Primary effects are produced directly by the volcanic activity. Examples include lava flows, ash-flows, lateral blasts, ash-falls, and gases. Secondary effects are the result of primary effects. Examples include lahars/mudflows, floods, fires, and tsunamis.  Disruption of normal human activity, such as sanitation and farming leads to famine and disease.

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PRIMARY EFFECTS OF VOLCANOES

Lava Flows

Lava flows are streams of molten rock. Lava flows can erupt relatively nonexplosively and move very slowly (a few meters to a few hundred meters per hour) or they can move rapidly (typically down steep slopes). Gas content and eruptive temperature are essential factors in the lava flow’s behavior. The fastest moving lava flows (higher gas content and temperature) produce Pahoehoe, which has a ropy texture and a smooth surface when hardened. Slow moving lava flows (cooler and less gas-enriched) break up while moving. This produces A’a, which has a blocky texture and a jagged surface.

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Most lava flows are slow enough that they are seldom a threat to human life. Such flows generally follow a predictable course. However, lava flows can cause extensive damage or total destruction by burning, crushing, or burying everything in their paths. Whole villages have been known to completely disappear beneath lava flows! Therefore, to avoid such destruction, controlling a lava flow has become important. Several instances of successful deflection have actually occurred. Hydraulic chilling (see- Case History of Mount Helgafell, Iceland, on page 213 of the textbook), constructing walls, and bombing are methods that have been used. However, there have been many unsuccessful attempts to deflect lava flows. Consequently, this area is ripe for further study and evaluation.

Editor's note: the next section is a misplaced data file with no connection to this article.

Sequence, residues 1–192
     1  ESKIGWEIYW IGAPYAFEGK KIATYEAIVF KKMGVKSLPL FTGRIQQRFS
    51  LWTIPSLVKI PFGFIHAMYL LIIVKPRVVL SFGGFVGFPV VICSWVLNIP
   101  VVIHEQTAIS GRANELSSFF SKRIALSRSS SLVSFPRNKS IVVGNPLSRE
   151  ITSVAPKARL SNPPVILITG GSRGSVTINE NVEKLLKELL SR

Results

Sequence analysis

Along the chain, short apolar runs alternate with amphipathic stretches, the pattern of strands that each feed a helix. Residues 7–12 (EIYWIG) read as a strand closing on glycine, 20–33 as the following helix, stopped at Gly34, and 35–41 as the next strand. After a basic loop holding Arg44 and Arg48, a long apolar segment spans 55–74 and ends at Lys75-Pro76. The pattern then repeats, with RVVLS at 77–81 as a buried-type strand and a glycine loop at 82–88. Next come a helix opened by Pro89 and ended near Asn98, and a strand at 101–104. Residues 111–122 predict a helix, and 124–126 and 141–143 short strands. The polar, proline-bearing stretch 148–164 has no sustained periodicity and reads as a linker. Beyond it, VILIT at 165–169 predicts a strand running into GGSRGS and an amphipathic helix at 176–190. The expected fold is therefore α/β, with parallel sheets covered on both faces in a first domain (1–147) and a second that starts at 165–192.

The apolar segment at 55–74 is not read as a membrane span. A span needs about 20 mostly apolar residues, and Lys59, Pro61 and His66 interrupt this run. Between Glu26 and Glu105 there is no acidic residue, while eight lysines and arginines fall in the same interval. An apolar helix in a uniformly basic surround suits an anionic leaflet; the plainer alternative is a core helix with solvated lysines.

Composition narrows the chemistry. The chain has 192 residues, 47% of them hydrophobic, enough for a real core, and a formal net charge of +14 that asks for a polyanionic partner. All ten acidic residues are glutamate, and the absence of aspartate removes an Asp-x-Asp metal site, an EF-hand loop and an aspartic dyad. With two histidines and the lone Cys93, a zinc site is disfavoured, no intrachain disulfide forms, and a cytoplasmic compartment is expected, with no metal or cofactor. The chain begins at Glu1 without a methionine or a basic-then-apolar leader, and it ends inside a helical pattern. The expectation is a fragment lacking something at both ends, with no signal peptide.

Lava flows on Kilauea Volcano move through forests of ohia trees, creating a dense cloud of wood smoke. The lava fountain (photograph on left) erupted from the Pu'u O'o vent on June 26, 1986, and supplied lava to the advancing flow, which had traveled just 3.6 kilometers by the time the eruption ended later in the day. The temperature of basalt lava at Kilauea reaches 1160 degrees Celsius. These photos were obtained from the U.S. Geological Survey volcanic hazards program.  Click HERE for additional U.S.G.S. volcanic hazard photos of lava flows.

Pyroclastic Hazards

Volcanic explosions produce volumes of tephra. Tephra is the material blown out of the volcanic vent when an explosion occurs. Ash-flows, lateral blasts, and ash-falls are the types of pyroclastic activity that produce tephra, with composite volcanoes and large calderas the vent sources.

Pyroclastic flows (also called ash-flows) are high speed avalanches of hot ash, rock fragments, and gas which move down the sides of a volcano during explosive eruptions. These flows occur when the vent area or ash column collapses. Because pyroclastic flows can reach 1500 degrees F and travel at high speeds (160-250 kilometers per hour and up), they are extremely destructive and deadly. Pyroclastic flows are typical of composite volcano eruptions, but are also associated with large caldera systems.